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Showing posts with the label Asteroid

Hubble Asteroid Hunter, A Citizen Science Project Finds 1,701 Asteroid Trails In Archival Images

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In its 32 years of observations , the NASA/ ESA Hubble Space Telescope has built up an archive containing hundreds of thousands of targeted observations of galaxies, the cluster of galaxies, gravitational lenses and nebulae. At times, closer objects such as asteroids pass the telescope's field of view while other targets are being observed, leaving the images' trails. Image Credits: Pixabay On International Asteroid Day in 2019, astronomers launched the Hubble Asteroid Hunter , a citizen science project on the Zooniverse platform (the world’s largest citizen science platform), aiming to visually identify asteroids in archival images from the European Space Agency Hubble Space Telescope (eHST) archive and examine their properties. The initiative was developed by the European Science and Technology Centre (ESTEC) and the European Space Astronomy Centre's Science Data Centre (ESDC), collaborating with Google and Zooniverse. Firstly, the astronomers detected more than 37,000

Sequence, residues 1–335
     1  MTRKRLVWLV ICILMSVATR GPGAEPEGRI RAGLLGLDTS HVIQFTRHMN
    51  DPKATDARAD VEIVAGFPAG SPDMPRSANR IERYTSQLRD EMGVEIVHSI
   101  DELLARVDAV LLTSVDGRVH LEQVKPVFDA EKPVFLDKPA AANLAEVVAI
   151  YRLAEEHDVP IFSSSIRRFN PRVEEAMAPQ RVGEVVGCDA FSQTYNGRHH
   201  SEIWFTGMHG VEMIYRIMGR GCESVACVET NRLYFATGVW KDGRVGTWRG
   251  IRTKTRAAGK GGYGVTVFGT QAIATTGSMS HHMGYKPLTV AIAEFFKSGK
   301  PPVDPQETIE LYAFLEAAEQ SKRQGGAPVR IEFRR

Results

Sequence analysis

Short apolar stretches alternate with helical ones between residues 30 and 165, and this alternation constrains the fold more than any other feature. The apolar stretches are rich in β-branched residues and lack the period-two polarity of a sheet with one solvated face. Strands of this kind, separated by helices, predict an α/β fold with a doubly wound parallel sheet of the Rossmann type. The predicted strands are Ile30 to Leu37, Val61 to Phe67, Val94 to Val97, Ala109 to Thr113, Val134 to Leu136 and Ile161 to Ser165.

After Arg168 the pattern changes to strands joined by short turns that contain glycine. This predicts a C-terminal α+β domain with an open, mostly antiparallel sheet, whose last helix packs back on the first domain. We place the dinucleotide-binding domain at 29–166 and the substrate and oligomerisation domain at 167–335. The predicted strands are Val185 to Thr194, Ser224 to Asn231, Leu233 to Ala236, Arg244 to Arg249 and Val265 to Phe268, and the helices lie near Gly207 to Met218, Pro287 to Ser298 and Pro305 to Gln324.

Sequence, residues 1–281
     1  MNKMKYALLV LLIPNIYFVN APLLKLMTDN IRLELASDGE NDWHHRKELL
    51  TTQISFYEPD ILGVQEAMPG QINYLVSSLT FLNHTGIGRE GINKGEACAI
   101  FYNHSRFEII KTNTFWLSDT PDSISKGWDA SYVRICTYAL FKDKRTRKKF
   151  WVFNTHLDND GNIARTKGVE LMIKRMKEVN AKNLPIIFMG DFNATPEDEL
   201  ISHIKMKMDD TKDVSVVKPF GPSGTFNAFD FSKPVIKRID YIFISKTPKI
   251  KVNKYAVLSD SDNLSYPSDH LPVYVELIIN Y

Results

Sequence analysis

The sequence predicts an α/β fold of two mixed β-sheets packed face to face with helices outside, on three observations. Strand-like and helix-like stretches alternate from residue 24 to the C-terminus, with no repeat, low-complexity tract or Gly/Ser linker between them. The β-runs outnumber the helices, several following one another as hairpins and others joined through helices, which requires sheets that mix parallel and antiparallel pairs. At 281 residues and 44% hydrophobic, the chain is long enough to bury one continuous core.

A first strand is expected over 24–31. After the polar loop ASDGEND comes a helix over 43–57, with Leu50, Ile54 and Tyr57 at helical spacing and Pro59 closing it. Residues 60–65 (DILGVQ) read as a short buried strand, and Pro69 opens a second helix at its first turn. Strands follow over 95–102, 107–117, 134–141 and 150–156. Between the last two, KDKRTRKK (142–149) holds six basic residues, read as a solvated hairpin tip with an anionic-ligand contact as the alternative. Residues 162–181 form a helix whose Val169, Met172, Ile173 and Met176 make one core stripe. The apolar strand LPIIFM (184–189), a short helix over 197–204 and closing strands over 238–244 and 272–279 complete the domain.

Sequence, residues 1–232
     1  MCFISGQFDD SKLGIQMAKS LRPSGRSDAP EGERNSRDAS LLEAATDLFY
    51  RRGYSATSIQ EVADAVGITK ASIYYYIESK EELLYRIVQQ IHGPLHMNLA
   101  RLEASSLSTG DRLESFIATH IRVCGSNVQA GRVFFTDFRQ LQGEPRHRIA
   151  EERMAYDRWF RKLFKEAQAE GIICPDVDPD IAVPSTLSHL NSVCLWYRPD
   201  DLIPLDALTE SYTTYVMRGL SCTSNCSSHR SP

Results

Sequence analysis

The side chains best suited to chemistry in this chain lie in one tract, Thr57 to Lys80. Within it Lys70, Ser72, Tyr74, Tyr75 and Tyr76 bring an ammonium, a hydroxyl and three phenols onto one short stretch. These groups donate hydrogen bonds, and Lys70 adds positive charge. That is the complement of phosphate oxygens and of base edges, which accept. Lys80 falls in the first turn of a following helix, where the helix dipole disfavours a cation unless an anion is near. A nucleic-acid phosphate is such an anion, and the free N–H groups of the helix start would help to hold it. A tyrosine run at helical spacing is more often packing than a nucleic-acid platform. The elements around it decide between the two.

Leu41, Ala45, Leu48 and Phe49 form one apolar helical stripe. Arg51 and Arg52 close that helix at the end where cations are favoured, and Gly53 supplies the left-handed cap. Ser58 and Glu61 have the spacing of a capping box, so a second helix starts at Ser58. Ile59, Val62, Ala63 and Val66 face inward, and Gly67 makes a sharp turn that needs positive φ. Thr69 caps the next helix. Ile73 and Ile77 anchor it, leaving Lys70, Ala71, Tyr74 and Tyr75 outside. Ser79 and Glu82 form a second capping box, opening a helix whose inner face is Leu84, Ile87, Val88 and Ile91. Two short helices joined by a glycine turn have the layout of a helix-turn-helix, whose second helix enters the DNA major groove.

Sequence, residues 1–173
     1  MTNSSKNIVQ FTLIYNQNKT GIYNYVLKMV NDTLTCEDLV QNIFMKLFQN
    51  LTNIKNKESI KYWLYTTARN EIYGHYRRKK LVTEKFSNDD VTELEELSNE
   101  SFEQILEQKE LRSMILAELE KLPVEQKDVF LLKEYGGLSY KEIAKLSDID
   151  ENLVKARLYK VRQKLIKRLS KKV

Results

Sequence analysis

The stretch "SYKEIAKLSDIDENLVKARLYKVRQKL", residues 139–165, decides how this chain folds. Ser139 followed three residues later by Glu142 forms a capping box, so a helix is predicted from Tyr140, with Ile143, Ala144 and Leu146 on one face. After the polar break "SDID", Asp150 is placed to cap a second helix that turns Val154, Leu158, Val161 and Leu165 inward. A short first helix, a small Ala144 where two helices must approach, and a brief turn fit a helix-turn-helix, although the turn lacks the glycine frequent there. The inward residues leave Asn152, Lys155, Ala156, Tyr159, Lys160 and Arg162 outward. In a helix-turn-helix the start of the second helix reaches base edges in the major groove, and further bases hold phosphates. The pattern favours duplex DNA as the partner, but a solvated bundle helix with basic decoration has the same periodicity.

Blogger traces meteroid steps, Scientists use blog as a starting point for their research

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Image credit:  thelibertarianrepublic.com Further to our post about the significance of the Russian meteroid , we found something today that had to be shared right away. Just a day after the impact of the asteroid, Stefan Gees, an expert on digital maps and geospatial imagery, reconstructed the path of the meteor using some very simple school level mathematics, a selection of videos available on YouTube and his area of interest, Google Earth.How Mr. Gees reconstructed the path of the meteor is thoroughly explained in this blog post  and totally worth reading. What we found out today was that scientists Jorge I. Zuluaga & Ignacio Ferrin used this very blog post as a starting point for their further work to reconstruct the path of the meteroid before it hit the Earth. While these scientists had advanced software developed by the U.S. Navy Observatory that allowed them to factor in gravitational forces of 8 planets of our solar system as well as the Earth, they definitel

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